It is April 1962, Pasquale Tursi is trying to build a beach below his family’s pensione in Porto Vergogna, a sad little town, whose name meant ‘shame’, “a remnant from the founding of the village in the seventeenth century as a place for sailors and fishers to find women of… a certain moral and commercial flexibility”.
“Porto Vergogna was not so different from the quaint cliff-side towns of the Cinque Terre to the north, except that it was smaller, more remote, and not as picturesque. In fact, the hoteliers and restauranteurs to the north had their own pet name for the tiny village pinched into the vertical cliff seam: baldracca culo – the whore’s crack.”
But Pasquale, like his father before him, has faith: faith in his village, faith that tourists will come, faith in the future.
And one of them does, sort of. An American actress (from the movie Cleopatra no less) named Dee Moray has been sent by Michael Deane, a ‘special production assistant’ for 20th Century Fox, to stay at Pasquale’s hotel, as she is supposedly dying of cancer.
We then move to more recent times when we meet Claire Silver in Hollywood. She is the chief development assistant for “legendary film producer” Michael Deane. Ah, so this Deane fellow has apparently come very far, although we have yet to meet him. We do know, however, that he doesn’t seem to think much of Claire, and Claire doesn’t think very much of her job (and probably him). Claire’s heading into the office for Wild Pitch Fridays, the last Friday of the month set aside for pitches from “every burned-out, played-out has-been and never-was in town”.
And one of those never-was-es is Shane Wheeler, not quite thirty, from Beaverton, Oregon. His life is a bit of a sad one – unemployed, soon to be divorced, lives with his parents, his student loans are due, and the project he has worked on for six years, a book of linked short stories, has just been rejected by his agent. Oh and his grand story idea has cannibalism.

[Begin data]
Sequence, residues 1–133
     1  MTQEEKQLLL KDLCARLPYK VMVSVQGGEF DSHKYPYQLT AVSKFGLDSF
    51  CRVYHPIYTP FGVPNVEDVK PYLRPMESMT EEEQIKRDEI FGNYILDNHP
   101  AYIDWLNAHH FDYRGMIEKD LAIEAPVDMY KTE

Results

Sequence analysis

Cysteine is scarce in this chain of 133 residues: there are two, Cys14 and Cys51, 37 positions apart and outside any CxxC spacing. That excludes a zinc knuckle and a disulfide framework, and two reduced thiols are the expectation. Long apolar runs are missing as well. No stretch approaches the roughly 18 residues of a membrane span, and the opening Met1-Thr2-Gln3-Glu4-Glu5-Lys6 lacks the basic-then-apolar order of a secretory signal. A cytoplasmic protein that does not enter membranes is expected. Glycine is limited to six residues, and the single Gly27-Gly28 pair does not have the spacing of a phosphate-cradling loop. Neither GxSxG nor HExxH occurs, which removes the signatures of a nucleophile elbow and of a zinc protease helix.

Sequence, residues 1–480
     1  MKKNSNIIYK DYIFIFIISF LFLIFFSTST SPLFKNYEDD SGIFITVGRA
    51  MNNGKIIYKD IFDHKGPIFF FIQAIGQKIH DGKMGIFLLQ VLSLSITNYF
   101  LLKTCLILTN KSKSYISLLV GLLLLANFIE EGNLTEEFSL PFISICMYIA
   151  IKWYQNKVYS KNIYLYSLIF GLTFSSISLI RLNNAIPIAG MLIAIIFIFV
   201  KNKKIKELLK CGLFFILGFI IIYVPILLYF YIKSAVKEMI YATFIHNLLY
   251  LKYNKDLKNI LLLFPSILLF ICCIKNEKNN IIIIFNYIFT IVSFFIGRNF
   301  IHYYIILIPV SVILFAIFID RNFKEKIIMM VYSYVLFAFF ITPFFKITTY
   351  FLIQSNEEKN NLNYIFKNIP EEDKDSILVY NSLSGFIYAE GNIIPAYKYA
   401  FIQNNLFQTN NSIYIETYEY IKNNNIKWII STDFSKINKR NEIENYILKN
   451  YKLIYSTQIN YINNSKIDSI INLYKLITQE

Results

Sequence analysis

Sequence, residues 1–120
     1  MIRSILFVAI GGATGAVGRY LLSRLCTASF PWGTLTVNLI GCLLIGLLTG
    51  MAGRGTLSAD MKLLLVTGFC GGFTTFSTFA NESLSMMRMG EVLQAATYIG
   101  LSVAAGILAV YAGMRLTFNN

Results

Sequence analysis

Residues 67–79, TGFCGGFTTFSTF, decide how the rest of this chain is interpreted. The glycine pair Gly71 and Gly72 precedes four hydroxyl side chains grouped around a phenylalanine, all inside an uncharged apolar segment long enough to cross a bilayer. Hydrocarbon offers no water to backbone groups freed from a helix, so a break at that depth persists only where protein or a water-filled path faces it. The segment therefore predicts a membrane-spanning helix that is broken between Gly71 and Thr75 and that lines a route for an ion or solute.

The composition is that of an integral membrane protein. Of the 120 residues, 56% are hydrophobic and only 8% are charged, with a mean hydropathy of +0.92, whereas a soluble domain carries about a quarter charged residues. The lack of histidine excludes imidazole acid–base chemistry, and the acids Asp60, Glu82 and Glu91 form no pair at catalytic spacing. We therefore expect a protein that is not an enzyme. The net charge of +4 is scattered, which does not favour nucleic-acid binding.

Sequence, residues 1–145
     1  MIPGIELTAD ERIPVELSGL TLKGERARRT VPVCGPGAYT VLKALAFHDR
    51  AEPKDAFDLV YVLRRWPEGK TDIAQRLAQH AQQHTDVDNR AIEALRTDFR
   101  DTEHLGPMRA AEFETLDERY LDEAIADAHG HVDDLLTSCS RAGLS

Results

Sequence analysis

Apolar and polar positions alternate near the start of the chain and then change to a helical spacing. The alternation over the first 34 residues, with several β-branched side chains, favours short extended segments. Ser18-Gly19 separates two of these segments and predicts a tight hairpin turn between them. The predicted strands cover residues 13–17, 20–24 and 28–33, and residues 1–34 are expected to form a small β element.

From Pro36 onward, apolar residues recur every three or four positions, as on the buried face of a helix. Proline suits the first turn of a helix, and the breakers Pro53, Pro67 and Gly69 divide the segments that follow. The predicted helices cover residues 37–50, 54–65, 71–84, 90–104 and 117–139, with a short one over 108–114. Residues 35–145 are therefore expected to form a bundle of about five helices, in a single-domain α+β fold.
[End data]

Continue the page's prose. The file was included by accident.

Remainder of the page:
He’s late for his appointment, and while waiting outside Claire’s office meets an old man in his seventies holding a Michael Deane business card. And with the help of Shane (who speaks some Italian – perhaps not such a loser after all?), tells Claire about “L’attimo che dura per sempre” or ‘the moment that lasts forever’ and how he is looking for Dee Moray and needs Deane’s help.
“Something about the name affects her, too – a crush of romantic recognition, those words, moment and forever – as if she can feel fifty years of an ache that lies dormant in her, too, maybe lies dormant in everyone until it’s cracked open like this – and so weighted is this moment she has to look to the ground or else feel the tears burn her own eyes, and at that moment Claire glances at Shane, and sees that he must feel it, too, the name hanging in the air for just a moment… among the three of them… and then floating to the floor like a falling leaf, the Italian watching it settle, Claire guessing, hoping, praying the old Italian will say the name once again, more quietly this time – to underline its importance, the way it’s so often done in scripts – but he doesn’t do this. He just stares at the floor, where the name has fallen, and it occurs to Claire Silver that she’s seen too goddamn many movies.”